# Forces and Motion: Mass, Weight and Gravity

## Forces and Motion: Mass, Weight and Gravity

• The term ‘mass’ refers to the quantity of matter in a substance or object. It’s expressed in kilogrammes (Kg) and does not change, regardless of where the object is within the universe.

• ‘Weight’, on the other hand, is the force of gravity acting on a mass. Since weight depends on both mass and gravity, it will vary depending on where in the universe the mass is located.

• Weight is measured in newtons (N). It can be calculated using the following formula: Weight (N) = Mass (Kg) * Gravitational Field Strength.

• Gravitational field strength is approximately 10 N/kg on Earth. This means that every kilogramme of mass experiences a gravitational force of about 10 N on earth.

• However, gravitational field strength can vary depending on location. For example, it’s approximately 1.6 N/kg on the Moon. Thus, an object would weigh less on the Moon compared to the Earth.

• An object experiences weightlessness when it is in freefall. That’s because although the object is under the influence of gravity, there are no forces opposing this gravity, creating the sensation of weightlessness.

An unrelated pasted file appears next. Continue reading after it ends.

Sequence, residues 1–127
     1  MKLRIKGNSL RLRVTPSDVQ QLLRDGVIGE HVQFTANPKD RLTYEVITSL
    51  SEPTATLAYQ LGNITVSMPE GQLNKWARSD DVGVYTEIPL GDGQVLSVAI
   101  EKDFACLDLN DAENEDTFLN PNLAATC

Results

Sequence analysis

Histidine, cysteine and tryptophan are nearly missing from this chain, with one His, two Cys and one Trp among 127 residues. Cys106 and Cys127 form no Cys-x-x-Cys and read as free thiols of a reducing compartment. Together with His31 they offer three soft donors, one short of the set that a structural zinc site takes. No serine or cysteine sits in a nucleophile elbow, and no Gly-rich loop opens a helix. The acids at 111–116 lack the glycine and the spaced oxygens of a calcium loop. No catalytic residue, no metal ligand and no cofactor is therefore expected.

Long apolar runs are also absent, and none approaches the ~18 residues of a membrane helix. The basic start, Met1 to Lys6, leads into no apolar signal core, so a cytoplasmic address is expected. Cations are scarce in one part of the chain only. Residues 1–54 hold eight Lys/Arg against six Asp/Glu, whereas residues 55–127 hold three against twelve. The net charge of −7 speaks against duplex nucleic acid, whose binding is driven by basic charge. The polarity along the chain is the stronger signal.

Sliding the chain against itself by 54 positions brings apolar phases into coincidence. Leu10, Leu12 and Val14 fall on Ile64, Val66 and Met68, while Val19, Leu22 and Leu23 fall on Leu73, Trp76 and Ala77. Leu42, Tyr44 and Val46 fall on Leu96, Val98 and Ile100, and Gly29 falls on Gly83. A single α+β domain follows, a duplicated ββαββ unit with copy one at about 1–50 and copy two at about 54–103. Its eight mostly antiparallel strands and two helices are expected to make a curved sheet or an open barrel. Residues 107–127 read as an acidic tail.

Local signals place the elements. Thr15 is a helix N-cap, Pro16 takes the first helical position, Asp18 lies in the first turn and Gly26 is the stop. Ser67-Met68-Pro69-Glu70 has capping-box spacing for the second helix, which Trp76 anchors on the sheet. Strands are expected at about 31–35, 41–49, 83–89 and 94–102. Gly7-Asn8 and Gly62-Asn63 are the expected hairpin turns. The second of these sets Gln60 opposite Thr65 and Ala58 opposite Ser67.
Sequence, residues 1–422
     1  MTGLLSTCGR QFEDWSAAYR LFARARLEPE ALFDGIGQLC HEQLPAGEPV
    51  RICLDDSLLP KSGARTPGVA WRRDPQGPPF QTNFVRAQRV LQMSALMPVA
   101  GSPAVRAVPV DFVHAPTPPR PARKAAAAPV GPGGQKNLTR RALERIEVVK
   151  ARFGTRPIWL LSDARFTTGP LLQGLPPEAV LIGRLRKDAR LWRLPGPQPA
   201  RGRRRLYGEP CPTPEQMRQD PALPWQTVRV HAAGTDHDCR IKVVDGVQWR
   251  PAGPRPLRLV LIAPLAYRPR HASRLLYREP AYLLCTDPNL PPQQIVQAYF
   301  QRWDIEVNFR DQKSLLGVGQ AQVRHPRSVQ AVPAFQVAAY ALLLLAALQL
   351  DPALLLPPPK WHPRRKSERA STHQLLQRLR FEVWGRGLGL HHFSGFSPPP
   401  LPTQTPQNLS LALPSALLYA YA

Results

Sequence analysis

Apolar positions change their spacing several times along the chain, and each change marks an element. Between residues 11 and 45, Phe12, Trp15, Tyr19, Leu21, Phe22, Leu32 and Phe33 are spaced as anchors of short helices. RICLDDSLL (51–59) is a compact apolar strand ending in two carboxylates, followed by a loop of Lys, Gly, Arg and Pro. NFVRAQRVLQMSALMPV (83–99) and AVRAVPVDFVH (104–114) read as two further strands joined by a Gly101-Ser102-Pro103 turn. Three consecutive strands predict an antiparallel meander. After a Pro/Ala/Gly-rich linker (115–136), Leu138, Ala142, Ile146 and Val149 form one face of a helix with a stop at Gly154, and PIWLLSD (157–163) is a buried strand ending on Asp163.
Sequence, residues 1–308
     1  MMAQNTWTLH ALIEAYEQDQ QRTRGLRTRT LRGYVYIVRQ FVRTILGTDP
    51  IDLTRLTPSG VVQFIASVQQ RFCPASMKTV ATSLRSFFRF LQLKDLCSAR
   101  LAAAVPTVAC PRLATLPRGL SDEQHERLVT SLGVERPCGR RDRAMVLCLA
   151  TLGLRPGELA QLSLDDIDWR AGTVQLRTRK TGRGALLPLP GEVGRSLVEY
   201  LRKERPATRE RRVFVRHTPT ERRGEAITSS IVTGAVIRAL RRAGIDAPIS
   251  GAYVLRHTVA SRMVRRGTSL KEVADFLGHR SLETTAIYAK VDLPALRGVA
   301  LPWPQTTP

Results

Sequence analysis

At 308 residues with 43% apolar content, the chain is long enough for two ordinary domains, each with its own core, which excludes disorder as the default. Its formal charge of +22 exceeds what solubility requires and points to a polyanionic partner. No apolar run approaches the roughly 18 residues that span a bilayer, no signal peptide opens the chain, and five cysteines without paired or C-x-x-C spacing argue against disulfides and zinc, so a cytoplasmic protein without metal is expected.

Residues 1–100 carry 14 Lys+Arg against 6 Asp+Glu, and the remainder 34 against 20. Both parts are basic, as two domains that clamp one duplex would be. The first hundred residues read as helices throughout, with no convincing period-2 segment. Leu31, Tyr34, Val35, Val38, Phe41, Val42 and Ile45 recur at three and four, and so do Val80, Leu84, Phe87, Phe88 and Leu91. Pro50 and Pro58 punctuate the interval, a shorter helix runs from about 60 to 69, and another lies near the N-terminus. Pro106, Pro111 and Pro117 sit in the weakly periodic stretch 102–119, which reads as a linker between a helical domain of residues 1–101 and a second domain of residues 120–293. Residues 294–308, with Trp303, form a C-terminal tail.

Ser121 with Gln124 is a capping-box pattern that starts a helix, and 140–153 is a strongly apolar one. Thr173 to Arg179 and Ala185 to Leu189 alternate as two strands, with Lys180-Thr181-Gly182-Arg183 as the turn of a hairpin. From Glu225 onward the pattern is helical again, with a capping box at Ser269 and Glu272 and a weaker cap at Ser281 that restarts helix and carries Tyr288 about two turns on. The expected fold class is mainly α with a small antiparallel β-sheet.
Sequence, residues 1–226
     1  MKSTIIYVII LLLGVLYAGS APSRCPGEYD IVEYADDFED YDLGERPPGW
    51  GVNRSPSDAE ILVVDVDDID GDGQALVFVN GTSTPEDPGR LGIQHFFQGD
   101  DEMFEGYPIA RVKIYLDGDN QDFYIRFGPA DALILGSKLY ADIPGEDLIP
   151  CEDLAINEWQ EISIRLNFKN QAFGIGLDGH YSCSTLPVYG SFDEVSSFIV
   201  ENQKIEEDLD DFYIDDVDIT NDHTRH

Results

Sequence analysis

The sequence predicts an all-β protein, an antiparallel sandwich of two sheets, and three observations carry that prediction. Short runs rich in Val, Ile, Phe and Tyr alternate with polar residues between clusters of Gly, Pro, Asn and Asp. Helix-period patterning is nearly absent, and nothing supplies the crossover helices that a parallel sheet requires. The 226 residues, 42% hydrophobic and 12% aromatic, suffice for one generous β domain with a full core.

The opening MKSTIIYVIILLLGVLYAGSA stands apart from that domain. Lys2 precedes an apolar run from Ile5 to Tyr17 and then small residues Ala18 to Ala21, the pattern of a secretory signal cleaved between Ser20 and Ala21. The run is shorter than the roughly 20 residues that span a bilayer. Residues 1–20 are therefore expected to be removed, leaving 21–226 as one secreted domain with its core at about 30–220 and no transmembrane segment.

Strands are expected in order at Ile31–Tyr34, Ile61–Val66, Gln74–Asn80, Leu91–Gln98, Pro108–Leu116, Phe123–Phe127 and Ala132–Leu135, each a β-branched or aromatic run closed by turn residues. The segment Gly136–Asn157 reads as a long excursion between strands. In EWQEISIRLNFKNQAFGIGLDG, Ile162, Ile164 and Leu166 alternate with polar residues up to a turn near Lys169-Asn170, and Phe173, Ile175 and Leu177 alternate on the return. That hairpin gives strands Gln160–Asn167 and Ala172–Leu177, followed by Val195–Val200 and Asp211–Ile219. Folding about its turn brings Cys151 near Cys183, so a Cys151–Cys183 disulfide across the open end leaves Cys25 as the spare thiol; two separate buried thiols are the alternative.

• Skeleton diagrams are used to display forces acting on an object. In these diagrams, the weight acts downwards from the centre of gravity.

• Gravity is an attractive force that affects all matter, pulling objects towards each other. The bigger the masses of the objects, the bigger the force. The further apart the masses, the weaker the force.

• The effects of gravity can be observed in freefall acceleration, orbital motion of celestial bodies and in the focus of mass of an object or a system of objects.